4.2 Practice problems

These practice problems are designed to get you thinking about biological scale. To answer some of these you may need to use the hints to look through a biology textbook. To do the calculations you may need to look at the section on SI units in Chapter 5.

  1. Do you think that the protein myoglobin is bigger or smaller than the messenger RNA molecule which codes for it? Explain why or why not.
    Hint: Which is bigger, a nucleotide or an amino acid? How many nucleotides are in a codon? What is a codon?
  2. How many orders of magnitude is the atomic radius bigger than the atomic nucleus?
  3. The average bacillus ranges between 1 and 10 microns (µm) in length, and the mitochondria of both plant and animal cells measure in the same range. Do you think this is just a coincidence? Explain your reasoning.
    Hint: What is the proposed evolutionary origin of mitochondria? What is endosymbiosis?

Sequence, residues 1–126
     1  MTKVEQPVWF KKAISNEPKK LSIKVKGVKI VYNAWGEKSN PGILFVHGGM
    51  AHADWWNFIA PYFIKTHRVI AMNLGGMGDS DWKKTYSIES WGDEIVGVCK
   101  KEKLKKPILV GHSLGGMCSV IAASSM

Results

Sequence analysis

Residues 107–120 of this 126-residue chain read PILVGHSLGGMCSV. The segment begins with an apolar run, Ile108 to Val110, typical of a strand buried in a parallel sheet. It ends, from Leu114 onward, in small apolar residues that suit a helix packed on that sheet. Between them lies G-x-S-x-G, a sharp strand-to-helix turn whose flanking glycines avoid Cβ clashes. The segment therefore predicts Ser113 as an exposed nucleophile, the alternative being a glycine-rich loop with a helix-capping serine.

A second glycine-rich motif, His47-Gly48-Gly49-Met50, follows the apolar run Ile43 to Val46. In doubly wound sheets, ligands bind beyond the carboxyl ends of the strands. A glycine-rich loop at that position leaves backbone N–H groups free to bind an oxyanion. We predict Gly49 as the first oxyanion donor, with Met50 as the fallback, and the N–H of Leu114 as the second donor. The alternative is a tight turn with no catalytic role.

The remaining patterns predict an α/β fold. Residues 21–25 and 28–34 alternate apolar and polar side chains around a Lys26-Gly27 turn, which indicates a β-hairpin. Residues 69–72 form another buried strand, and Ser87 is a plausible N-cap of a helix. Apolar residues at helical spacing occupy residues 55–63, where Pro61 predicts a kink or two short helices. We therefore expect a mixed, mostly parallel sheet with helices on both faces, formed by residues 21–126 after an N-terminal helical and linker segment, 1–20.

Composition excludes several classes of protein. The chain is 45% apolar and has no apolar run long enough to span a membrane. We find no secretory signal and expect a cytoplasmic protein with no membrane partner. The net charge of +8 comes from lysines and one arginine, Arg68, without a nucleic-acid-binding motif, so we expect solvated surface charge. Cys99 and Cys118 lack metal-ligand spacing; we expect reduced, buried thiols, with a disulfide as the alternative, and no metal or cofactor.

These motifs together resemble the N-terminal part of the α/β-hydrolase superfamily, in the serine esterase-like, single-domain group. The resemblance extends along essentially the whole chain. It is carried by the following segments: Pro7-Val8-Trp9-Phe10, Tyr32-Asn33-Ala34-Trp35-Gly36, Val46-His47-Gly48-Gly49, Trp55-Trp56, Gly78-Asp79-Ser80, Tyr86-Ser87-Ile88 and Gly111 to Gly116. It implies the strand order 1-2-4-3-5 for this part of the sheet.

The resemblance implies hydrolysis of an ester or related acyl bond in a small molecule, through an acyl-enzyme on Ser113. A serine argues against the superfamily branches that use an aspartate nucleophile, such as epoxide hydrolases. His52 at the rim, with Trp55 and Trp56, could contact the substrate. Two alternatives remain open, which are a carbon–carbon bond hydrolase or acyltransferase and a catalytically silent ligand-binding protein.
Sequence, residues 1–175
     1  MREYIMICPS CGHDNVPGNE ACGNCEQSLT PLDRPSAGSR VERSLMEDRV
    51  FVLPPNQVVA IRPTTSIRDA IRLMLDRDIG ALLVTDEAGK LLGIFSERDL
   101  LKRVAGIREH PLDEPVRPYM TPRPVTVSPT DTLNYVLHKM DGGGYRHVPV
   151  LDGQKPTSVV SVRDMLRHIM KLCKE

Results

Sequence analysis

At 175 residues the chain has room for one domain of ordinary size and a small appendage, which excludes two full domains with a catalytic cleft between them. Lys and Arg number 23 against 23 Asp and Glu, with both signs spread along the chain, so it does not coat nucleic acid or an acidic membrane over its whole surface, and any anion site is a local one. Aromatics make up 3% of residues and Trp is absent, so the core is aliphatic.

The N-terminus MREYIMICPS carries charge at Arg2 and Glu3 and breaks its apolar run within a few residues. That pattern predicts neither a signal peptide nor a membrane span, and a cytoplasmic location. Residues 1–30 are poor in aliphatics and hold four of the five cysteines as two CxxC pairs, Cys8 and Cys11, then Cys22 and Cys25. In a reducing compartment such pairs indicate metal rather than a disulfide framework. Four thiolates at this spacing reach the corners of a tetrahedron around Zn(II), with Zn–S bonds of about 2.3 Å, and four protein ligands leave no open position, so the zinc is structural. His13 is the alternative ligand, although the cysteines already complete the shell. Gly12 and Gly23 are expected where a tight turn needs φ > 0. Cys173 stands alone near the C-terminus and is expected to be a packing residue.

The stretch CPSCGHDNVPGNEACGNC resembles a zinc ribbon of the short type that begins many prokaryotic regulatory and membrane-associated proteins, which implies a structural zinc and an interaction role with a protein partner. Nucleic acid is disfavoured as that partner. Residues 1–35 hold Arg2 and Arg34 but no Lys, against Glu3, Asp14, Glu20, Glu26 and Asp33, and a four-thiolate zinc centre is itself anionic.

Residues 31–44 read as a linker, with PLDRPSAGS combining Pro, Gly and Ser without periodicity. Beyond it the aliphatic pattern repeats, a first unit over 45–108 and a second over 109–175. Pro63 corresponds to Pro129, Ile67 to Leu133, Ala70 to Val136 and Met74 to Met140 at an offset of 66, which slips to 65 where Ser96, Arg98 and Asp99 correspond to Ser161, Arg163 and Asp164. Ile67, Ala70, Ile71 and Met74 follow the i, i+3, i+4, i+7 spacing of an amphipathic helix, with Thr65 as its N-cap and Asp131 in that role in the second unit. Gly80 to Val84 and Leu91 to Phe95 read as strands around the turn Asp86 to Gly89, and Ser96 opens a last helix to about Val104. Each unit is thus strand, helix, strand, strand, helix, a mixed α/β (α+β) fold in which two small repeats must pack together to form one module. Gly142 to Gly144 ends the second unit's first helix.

4. If the distance between bases is approximately 0.3 nm, the number of base pairs (bp) in the human genome is approximately 3 Gbp and most of our cells are diploid (have 2 copies of the genome), then how long is the DNA in a human cell?
    Hint: The prefix n means nano and modifies the base unit by 109. The prefix G means giga and modifies the base unit by 109.
  5. How does your answer to question 4 compare to the size of a cell’s nucleus? What are the implications of this? What is chromatin? What are chromosomes?


Solution to Practice Problem 4.4.

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